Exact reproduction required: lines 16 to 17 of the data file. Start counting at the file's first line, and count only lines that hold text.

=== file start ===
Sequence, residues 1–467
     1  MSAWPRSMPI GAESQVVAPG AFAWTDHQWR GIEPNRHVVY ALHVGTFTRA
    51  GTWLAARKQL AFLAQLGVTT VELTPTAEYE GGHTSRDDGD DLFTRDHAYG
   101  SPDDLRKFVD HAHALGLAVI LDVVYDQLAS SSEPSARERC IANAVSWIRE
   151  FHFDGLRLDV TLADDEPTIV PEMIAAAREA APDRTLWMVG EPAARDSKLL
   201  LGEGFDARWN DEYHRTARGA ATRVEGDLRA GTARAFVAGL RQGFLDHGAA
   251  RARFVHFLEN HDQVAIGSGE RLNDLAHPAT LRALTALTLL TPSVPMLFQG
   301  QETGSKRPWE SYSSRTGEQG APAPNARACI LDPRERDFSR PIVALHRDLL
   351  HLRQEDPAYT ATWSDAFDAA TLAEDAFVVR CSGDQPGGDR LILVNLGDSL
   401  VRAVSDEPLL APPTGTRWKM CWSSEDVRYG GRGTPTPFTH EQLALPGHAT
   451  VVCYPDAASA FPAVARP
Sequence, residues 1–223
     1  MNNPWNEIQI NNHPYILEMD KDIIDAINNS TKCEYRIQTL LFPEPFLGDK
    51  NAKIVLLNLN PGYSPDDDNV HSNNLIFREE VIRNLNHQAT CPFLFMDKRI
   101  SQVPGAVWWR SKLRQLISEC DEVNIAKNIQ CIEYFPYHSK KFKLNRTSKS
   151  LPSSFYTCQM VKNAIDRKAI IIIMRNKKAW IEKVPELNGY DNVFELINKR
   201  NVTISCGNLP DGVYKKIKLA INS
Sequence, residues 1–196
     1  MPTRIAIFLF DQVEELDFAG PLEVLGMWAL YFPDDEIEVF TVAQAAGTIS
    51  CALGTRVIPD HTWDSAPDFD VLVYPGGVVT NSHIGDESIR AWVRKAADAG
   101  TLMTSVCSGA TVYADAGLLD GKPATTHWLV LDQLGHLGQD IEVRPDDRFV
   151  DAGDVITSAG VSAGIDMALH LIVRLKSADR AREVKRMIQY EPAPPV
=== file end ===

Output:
   151  LPSSFYTCQM VKNAIDRKAI IIIMRNKKAW IEKVPELNGY DNVFELINKR
   201  NVTISCGNLP DGVYKKIKLA INS